*Complete your stamping and other paperwork after you have thoroughly washed your hands and wiped your journal with disinfectant wipes that are usually stationed outside the room.




Wayne
www.ExclusiveMobileNotary.com

www.FaceBook.com/ExclusiveMobileNotary

www.Twitter.com/ExclusiveNotary
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dfye@mcttelecom.com

New Hampshire
681 Posts

Posted - 09/20/2011 :  08:05:40 AM  Show Profile  Visit dfye@mcttelecom.com's Homepage  Reply with Quote
I also have done my share of hospital signings. Many have consisted of Wills, Advanced Directives, etc. Identification and competency is of great concern as well. Letting the client know that you cannot perform a signing without these variables being satisfied is of the utmost importance.

One of the problems with signing Wills that I have encountered is that many of the clients order the forms from the internet. I do not recommend this as I have later found that most of these packages are incomplete and can be challenged in a court of law. This can leave the Notary in a little bit of a pickle. I realize it is not up to us to decide what documents should be signed, however, as a paralegal and upcoming attorney, the ethical thing would be to not notarize documents that could cause the client problems later. The last thing a family needs after losing their loved one is more grief.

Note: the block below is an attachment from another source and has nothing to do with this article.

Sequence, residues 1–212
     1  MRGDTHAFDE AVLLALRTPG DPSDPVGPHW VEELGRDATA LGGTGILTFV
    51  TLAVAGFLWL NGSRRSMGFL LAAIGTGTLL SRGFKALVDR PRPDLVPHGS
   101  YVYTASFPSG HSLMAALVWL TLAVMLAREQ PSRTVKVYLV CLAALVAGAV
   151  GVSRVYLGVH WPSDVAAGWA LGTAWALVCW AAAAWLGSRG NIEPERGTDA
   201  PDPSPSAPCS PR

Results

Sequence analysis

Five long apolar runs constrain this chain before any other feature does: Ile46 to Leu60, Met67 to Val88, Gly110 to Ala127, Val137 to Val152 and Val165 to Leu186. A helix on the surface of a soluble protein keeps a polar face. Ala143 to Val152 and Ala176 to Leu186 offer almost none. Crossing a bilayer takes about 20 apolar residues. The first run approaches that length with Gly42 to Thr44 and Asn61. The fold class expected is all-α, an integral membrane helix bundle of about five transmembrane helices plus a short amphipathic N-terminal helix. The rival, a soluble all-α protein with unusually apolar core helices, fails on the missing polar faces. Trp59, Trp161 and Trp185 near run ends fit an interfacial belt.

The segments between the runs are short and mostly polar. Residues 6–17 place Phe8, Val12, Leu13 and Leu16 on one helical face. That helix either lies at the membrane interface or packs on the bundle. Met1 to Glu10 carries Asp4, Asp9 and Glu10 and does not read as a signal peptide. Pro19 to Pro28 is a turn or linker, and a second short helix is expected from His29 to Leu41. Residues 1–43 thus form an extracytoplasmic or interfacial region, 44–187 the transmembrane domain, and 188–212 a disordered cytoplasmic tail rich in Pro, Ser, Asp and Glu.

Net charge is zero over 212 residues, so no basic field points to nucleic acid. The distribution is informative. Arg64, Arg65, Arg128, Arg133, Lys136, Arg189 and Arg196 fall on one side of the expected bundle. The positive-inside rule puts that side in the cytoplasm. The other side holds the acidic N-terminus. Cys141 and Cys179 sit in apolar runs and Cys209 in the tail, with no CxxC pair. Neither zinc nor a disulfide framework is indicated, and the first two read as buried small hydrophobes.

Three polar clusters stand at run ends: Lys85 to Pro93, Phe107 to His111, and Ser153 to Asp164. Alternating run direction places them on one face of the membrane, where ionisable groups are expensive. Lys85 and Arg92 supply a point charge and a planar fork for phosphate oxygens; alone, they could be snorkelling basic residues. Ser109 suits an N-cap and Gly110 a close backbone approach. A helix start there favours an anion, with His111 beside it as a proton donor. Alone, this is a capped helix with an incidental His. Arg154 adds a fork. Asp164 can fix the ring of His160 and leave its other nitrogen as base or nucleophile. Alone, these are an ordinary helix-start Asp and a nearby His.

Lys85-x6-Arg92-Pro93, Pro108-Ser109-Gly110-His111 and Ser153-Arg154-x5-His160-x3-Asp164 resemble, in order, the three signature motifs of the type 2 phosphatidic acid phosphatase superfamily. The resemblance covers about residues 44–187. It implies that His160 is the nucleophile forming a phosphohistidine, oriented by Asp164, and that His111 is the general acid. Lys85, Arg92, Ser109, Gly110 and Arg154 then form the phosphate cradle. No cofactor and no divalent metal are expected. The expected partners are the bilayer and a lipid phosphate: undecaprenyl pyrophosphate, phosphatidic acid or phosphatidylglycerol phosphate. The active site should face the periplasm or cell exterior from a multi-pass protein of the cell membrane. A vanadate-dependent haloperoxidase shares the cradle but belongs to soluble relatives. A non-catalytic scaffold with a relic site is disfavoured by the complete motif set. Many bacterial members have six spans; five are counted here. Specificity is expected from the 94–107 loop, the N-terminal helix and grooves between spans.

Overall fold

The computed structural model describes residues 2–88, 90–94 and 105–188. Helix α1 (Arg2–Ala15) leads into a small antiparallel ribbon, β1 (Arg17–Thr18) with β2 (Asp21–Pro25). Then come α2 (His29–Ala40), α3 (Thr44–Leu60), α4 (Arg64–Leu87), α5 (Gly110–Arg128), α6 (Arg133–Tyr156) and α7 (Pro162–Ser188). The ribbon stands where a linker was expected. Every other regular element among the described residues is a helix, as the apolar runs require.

I have emphasized to many of my clients to not use online forms and have prepared my own documents based upon the New Hampshire Statutes. Online forms are generalized and are a money making scheme. Any document can be challenged in a court of law, however the odds of a person winning their claim are slim at best. I have made it my ethical responsibility to understand everything I notarize which includes real estate documents, wills, legal pleadings, etc. In doing so, I am following not only the American Bar Association Rules of Professional Conduct but also go home with a clean conscience. Hospitals do provide Advanced Directive forms and those are okay as they are the complete package. Needless to say, you still should know what is included in this package and be certain that all documents are included. They include a Living Will, a Durable Power of Attorney for Medical Affairs (this one has the advanced directives in it) and a Durable Power of Attorney for Financial Affairs. You may even see a Last Will & Testament in this package as well.

Legal Eagle Para Professional Services
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egw91145

Florida
62 Posts

Posted - 08/24/2011 :  06:51:30 AM  Show Profile  Reply with Quote